Viking heritage in Ireland is but a drop in the bucket of time. Viking settlement and rule lasted roughly 200 years. And of course, those Icelandic Vikings had a lot of Irish ancestry, as the migratory brunt came from the Dublin Norse stronghold. See  the Icelandic Laxdæla saga, and Burnt Njall's saga, etc., rife with Irishmen and Irish women—most favored as slaves and feisty concubines.

Yes, the Vikings did settle permanently in Shetland, but the Celts (and pre-Celts) who lived there before the Vikings arrived, never actually went away. There's the historical misnomer. (Lots of Celtic DNA survives to this day.) Ditto with the Viking settlements in the Hebrides, and the Isle of Man. The Celts, or more technically correct, the Irish Scoti as they were called (which does NOT mean they were Scottish, but Irish), eventually drove the Vikings out. (Battle of Largs.)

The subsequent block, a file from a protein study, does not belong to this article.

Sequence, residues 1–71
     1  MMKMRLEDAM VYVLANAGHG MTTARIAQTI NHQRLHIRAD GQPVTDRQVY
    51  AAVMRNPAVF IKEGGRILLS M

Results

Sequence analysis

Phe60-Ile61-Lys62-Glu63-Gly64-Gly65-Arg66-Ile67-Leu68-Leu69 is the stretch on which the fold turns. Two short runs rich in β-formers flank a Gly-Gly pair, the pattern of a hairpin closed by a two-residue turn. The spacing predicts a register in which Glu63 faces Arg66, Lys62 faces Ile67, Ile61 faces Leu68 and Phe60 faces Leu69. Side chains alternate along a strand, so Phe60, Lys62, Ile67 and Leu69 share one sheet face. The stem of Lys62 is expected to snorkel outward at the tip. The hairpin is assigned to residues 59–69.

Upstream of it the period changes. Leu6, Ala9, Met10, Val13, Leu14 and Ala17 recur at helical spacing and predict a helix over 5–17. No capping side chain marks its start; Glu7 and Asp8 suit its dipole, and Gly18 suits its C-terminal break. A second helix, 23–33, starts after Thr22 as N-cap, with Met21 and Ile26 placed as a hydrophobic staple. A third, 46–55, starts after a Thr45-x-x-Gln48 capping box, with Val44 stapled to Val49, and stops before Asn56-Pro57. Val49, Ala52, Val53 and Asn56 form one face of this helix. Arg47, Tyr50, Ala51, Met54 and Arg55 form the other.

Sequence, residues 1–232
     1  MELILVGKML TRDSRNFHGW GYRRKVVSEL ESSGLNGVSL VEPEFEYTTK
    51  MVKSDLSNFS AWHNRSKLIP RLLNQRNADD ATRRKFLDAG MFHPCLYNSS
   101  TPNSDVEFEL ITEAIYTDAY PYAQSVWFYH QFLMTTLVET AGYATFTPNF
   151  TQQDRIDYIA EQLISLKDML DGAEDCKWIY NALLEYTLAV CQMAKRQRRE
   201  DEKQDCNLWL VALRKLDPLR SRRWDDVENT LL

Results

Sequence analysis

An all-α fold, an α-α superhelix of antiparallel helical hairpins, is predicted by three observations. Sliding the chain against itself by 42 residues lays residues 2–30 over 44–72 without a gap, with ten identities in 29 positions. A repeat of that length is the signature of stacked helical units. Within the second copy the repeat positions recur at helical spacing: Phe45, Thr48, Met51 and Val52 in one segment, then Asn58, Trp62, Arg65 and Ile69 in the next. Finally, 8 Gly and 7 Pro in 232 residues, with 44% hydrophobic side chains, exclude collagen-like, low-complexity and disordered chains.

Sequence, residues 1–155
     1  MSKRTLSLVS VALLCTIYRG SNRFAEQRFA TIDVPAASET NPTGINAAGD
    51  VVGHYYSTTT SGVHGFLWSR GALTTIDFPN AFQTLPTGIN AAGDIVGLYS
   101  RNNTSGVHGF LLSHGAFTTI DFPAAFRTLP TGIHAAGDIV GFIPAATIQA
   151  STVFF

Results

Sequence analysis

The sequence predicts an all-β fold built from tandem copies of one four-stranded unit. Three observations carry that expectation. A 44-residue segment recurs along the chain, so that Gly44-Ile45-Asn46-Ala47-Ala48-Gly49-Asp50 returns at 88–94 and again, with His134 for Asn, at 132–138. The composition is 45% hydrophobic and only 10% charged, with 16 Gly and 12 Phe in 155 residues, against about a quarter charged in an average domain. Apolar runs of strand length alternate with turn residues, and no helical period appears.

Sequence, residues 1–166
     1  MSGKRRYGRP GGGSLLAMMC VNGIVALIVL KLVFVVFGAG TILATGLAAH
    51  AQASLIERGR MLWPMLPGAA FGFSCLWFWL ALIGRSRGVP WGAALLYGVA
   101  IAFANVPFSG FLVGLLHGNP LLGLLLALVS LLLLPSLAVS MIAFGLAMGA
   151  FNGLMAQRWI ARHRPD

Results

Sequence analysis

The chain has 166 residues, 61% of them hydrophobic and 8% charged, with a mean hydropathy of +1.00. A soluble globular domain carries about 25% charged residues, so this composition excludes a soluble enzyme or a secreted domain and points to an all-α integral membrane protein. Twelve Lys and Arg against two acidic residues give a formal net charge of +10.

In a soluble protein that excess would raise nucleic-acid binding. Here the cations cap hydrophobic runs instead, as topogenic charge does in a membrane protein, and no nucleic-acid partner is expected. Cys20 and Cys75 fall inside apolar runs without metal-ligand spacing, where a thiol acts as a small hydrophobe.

Also that marrying/taking the Irish women thang, applies here too. Somerled, Lord of the Isles, was more Irish than Viking by blood (and by allegiance). The Norse-Irish culture was hybrid, not just Viking.

BTW, the word Scotland comes to us via Latin naming by way of Ireland. Scotia Major was Ireland, and because there were so many Irish living in what is now called Scotland, which was known as Scotia Minor until the 11thc. and the term was still used up to the 16th c.).

Isidore of Seville in 580 CE wrote: "Scotia and Hibernia are the same country." Adomnán, St. Columba's 3rd cousin, referred to the Gaels as Scotti.

It wasn't until the 15th c., that Pope Leo X (1475-1521) decreed that Scotland was, well, Scotland, and as such, had exclusive right over the word Scotland, which resulted in a huge landgrab as the English-Scots took over Irish monasteries on the Continent (i.e., Schottenklöster Irish Benedictine monasteries in south Germany taken over by Scots.).